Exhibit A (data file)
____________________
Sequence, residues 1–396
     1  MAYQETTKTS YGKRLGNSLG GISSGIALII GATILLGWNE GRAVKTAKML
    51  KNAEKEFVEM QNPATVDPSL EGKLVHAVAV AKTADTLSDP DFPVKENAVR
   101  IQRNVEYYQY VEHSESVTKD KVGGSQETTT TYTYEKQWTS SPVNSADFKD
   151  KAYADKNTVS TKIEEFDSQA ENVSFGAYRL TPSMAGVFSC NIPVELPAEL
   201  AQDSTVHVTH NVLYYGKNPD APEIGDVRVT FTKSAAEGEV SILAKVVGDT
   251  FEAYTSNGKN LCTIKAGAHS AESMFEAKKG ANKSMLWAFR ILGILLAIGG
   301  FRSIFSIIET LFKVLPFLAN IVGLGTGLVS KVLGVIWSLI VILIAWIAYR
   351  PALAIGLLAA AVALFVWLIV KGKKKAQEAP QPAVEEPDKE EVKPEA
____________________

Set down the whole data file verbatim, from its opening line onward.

Sequence, residues 1–396
     1  MAYQETTKTS YGKRLGNSLG GISSGIALII GATILLGWNE GRAVKTAKML
    51  KNAEKEFVEM QNPATVDPSL EGKLVHAVAV AKTADTLSDP DFPVKENAVR
   101  IQRNVEYYQY VEHSESVTKD KVGGSQETTT TYTYEKQWTS SPVNSADFKD
   151  KAYADKNTVS TKIEEFDSQA ENVSFGAYRL TPSMAGVFSC NIPVELPAEL
   201  AQDSTVHVTH NVLYYGKNPD APEIGDVRVT FTKSAAEGEV SILAKVVGDT
   251  FEAYTSNGKN LCTIKAGAHS AESMFEAKKG ANKSMLWAFR ILGILLAIGG
   301  FRSIFSIIET LFKVLPFLAN IVGLGTGLVS KVLGVIWSLI VILIAWIAYR
   351  PALAIGLLAA AVALFVWLIV KGKKKAQEAP QPAVEEPDKE EVKPEA